It is tempting, with any spatial consideration, to shy away from anything other than minimalistic schemes in attempt to enlarge a room, or to make it feel more intimate.
There's no going wrong with minimalism, after all, and when push comes to shove it's just simpler to commit to an aesthetic with fewer variables.
Ask Lori Weitzner, though, and she'll demonstrate how creating interest in spaces small or large need not be complicated. Sometimes, all you need is a little bit of texture.
The textile designer and founder of Weitzner Limited has lent her sharp eye and subtle style to the homes of celebrities such as Julianne Moore and Will Ferrell, as well as spaces that include the Google Headquarters, Saks Fifth Avenue and Wynn Hotels. Her textiles work is housed in permanent museum collections worldwide, including London's Victoria & Albert museum and New York City's Cooper Hewitt Museum, while some of her fabrics play a part in the costumes and set designs of films like Gangs of New York and Mission Impossible.
Her creativity extends to other design pursuits, too. "I am super excited about the new jewellery and accessory collection we just launched," Lori tells Home Journal. "It takes all of my experience and love of textiles and infuses it into artisanal pieces to wear."
"I am also intrigued that more than 10,000 people to date have taken my colour test online," she adds, referring to the online quiz based on her 2016 book, Ode to Color, The Ten Essential Palettes for Living and Design. "This tells me that people are really interested to know what colours they can use to enhance their well-being."
In spite of her full days, Lori has generously taken the time to share her design tricks with Home Journal, giving us some pointers on making small spaces feel larger and making large spaces feel more intimate through textures and pattern. Read on.
How can residents of more compact apartments make their space feel larger?
Depending on the lighting, sometimes just different shades of white on each wall can make a small space feel larger. The subtle shade differences and the way each white tone interacts with the light can make a small space feel much more expansive, dimensional and layered. You can also achieve this by adding textured (not patterned) wall coverings in shades of white and off-white on some of the walls.
If you want more color than just shades of white, I would go with what I call “at ease” colours. Neutrals like warm light grays and ecrus are a perfect backdrop for small spaces. Then you can build around these colors by layering fabrics, furniture, art, and accessories.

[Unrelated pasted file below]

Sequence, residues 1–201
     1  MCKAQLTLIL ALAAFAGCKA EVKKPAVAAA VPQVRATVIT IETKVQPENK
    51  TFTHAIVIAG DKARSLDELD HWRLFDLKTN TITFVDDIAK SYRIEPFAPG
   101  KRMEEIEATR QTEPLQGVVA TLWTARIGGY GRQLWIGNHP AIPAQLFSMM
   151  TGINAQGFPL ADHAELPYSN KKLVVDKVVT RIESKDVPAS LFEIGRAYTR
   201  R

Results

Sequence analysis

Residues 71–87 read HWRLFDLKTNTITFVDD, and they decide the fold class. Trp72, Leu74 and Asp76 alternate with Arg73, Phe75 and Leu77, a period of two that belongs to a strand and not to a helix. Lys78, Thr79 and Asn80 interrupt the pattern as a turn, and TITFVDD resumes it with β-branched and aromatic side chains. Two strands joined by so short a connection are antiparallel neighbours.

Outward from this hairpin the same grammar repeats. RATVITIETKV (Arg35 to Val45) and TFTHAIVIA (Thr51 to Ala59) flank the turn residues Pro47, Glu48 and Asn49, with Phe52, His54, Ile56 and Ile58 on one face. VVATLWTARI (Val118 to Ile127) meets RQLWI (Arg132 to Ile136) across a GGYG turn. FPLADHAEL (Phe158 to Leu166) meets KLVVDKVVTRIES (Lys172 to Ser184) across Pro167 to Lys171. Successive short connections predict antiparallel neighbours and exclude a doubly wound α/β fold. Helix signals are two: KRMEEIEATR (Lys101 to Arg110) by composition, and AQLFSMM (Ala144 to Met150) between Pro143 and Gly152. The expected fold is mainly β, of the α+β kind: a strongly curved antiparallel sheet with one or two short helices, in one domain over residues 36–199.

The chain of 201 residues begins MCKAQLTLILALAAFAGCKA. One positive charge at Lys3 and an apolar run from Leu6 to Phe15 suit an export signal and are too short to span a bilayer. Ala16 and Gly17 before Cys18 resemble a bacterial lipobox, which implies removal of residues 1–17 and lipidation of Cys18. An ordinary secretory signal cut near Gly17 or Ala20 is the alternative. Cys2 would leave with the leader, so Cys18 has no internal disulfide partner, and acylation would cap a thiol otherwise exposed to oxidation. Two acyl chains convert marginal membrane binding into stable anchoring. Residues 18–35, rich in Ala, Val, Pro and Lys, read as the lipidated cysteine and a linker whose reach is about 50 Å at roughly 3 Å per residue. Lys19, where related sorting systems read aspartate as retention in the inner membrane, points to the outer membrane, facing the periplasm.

Don’t go too dark on these neutrals for the walls. The trick in a small space is to layer many different textures and surfaces while keeping the value of the colours similar and medium- to light-toned. I would also encourage lots of beautiful textures for the wall as opposed to strong patterns.
Vice versa: what are some ways to make a spacious room feel cosy and intimate?
Dark colours can create a wonderfully cocooning space that evokes a feeling of intimacy as well as sophistication. These are the kind of rooms where you want to sit with a good book or a close confidante and share secrets. But make sure the ceiling is also dark so you cannot see where the room starts or ends.
Smoky greys and cool browns like charcoal or truffle, mixed with whiskey colours for some warmth are good colour schemes.
Large spaces can handle bigger-scale pattern and colour play. I would use more of a texture for the sofa, with statement patterned pillows and have the side chairs be more patterned to coordinate. I would also add a large statement wallcovering.
If the residence is large, I would recommend some focal walls with a large, though still sophisticated, pattern. These can go from casual to dressy, contemporary to tradition, or more artisanal.
Our digital prints have great texture to them so they are not just flat imagery – this will add depth to any space, as well as some drama. For more casual spaces, I would recommend Aquarelle as a digital print, or even our paper tile Mason; for a dressier space, Isolde or Flair. And for a more traditional space, something like Metaphor. Then I would coordinate the other walls with a texture or paint colour.
Fabrics by Lori Weitzner are available at Altfield Interiors.
See more: Textile Designer Lori Weitzner’s New York Loft Possesses a Special Charm